Habitual teenage delinquent Wayne Banstead is expelled from yet another school for sticking up the tuck shop. He finds himself hauled off to Gafin School for Misdirected Boys: a ‘special school’ for ‘special children’. It plays host to the worst of the worst, the cream of teenage offending – thieves, bullies, arsonists and flashers.
The teachers should have their work cut out, but things aren’t quite what they seem at Gafin School. Far from rehabilitating the boys, the teachers seem intent on instructing them in how to get away with things…Buy on Amazon | Goodreads
Promising title + promising plot = awesome!
This was a fun book. I liked it so much I actually made time outside of my normal audiobook schedule to listen to it. Dave John is a decent reader, though his character voices tend to sound the same. His accent (affected or otherwise, no idea) fits the setting and characters perfectly, and it certainly helped make the story more real.
A school intent on teaching kids to be thieves is an unusual and interesting plot, but the focus is actually more on the characters. Banstead (or Banners, as the other boys call him) is a delinquent, true, but he’s likable and is pretty much what I’d consider a British teenage delinquent to be. Obviously since I’m neither British nor a delinquent (nor a teenager nor male, either), I’m basing my opinion on years of watching crime movies and reading other books featuring teenage delinquents (some of them even British ones). So as far as that goes, I’d consider School for Scumbags a smashing success.
Several times I had to stop myself laughing out loud as I didn’t want to scare the other bus passengers, but rest assured I dearly wanted to. It’s funny without being ridiculous and absurd, and overall the tone was pretty light considering the plotline. However, it does change a bit in the last third of the book; the transition from LOL to OMG! was a little jarring, and while I liked the end, I wished it had been introduced a little less jarringly.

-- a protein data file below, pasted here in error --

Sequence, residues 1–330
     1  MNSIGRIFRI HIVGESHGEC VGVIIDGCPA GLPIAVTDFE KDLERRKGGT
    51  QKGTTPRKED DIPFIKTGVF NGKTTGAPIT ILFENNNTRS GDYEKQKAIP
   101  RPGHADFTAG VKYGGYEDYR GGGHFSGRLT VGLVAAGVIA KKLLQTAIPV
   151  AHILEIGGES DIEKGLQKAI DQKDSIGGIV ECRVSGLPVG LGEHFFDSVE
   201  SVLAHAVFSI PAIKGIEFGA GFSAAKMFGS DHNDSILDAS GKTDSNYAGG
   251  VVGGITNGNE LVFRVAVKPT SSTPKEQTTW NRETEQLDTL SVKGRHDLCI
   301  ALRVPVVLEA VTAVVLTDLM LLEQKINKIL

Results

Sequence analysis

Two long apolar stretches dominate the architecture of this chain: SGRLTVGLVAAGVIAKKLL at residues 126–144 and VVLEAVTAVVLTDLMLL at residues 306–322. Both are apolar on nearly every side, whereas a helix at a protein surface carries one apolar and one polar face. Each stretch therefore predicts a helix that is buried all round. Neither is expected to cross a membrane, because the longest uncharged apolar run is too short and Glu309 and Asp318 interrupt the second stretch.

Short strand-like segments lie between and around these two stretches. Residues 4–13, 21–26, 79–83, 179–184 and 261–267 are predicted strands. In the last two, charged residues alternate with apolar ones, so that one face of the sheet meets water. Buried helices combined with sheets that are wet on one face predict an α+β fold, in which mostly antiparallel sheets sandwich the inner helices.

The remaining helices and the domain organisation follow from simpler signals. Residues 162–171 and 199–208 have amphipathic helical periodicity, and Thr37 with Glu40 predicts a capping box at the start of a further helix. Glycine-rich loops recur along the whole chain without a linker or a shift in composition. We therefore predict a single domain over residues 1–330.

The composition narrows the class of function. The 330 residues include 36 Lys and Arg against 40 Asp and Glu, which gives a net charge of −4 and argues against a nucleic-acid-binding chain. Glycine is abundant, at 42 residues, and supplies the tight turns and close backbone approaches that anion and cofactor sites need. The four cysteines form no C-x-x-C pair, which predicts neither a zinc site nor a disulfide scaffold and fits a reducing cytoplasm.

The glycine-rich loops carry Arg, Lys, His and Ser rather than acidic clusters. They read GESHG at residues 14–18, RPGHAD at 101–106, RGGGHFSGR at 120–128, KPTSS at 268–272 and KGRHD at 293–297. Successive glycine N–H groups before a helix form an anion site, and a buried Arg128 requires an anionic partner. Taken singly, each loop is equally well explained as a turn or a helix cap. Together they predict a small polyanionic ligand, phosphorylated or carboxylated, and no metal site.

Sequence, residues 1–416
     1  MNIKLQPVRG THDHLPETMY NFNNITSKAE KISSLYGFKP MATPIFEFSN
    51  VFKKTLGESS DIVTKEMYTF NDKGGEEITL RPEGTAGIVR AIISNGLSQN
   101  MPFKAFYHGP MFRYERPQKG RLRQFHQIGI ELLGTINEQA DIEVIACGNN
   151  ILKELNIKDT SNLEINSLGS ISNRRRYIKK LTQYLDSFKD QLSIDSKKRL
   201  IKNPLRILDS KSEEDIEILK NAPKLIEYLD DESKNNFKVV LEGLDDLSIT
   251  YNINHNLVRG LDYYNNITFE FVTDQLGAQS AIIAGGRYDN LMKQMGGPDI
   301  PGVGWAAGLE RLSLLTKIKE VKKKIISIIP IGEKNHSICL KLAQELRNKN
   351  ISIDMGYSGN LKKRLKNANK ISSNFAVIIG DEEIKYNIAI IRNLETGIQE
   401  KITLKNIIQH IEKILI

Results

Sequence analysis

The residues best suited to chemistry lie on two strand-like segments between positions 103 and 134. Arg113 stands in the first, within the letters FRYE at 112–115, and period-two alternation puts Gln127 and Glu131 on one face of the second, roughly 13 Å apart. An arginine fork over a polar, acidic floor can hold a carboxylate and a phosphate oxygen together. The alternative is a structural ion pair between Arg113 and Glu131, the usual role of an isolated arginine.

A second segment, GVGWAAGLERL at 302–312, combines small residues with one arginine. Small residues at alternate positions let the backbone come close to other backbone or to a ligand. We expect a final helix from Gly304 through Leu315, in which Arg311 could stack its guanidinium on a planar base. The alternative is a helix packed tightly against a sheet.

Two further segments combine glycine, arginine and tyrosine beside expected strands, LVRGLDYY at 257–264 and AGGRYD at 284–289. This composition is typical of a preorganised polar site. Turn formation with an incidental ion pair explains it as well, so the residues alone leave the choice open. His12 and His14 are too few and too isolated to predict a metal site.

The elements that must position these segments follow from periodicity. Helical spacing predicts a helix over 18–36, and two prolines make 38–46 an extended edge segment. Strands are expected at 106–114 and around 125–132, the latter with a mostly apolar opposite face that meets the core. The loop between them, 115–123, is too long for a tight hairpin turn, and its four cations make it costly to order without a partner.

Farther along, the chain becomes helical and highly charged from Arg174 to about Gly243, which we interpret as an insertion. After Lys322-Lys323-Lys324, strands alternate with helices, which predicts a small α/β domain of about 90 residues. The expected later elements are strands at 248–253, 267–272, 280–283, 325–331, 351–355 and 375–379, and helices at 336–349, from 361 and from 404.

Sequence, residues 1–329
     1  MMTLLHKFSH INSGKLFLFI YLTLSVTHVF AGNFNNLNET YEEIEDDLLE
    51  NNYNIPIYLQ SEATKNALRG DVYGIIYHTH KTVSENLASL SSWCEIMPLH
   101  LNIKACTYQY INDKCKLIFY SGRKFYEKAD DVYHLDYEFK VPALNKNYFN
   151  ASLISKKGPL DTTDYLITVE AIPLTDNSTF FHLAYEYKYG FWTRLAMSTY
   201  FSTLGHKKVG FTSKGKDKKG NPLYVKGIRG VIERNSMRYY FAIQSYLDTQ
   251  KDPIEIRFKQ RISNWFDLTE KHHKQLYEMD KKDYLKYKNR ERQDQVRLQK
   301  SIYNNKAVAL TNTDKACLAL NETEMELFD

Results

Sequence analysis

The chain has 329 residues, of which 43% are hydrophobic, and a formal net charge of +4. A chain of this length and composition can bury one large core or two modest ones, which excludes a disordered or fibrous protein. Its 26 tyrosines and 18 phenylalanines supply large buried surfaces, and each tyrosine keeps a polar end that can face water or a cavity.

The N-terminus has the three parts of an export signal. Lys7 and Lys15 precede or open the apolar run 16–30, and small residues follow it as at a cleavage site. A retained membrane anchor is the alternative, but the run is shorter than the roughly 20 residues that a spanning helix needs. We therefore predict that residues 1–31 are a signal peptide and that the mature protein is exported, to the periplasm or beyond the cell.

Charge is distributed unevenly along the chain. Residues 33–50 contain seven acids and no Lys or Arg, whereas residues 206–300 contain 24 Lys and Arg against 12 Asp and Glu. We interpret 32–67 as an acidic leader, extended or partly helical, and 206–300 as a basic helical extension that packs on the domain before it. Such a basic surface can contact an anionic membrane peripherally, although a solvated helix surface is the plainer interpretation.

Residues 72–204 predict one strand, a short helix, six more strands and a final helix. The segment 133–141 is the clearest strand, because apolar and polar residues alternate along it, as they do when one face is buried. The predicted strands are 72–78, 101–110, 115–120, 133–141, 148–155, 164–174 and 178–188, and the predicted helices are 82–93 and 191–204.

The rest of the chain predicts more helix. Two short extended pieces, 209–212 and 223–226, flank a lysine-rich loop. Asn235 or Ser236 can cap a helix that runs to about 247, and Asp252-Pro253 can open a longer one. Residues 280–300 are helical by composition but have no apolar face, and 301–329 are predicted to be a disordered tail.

This being a book about teenage delinquents, there are of course lots of swearing and references to sex and masturbation. That sort of thing doesn’t bother me, but for those of you who do care about that, er, stay away, I suppose. (It’s actually not as bad as it could have been.)
The thing I liked the most, actually, was that the book wasn’t a cover for a morality tale. Yes, the kids are criminals, and yes, they get into criminal enterprises, but they’re not bad kids and they learn that crime is a serious and dangerous venture. And if they want to continue being criminals? Well, that’s fine with me; I don’t need them to have big revelations or whatever, so long as they realize what they’re doing and think about it a bit. Besides, if no-one wanted to be a criminal I’d be left watching romantic comedies and animations about sparkly unicorns. Viva la Ocean’s 11 wannabes!
(And hey! It seems like someone’s even doing a movie of School for Scumbags! That’ll be fun to watch.)
Read: January 2009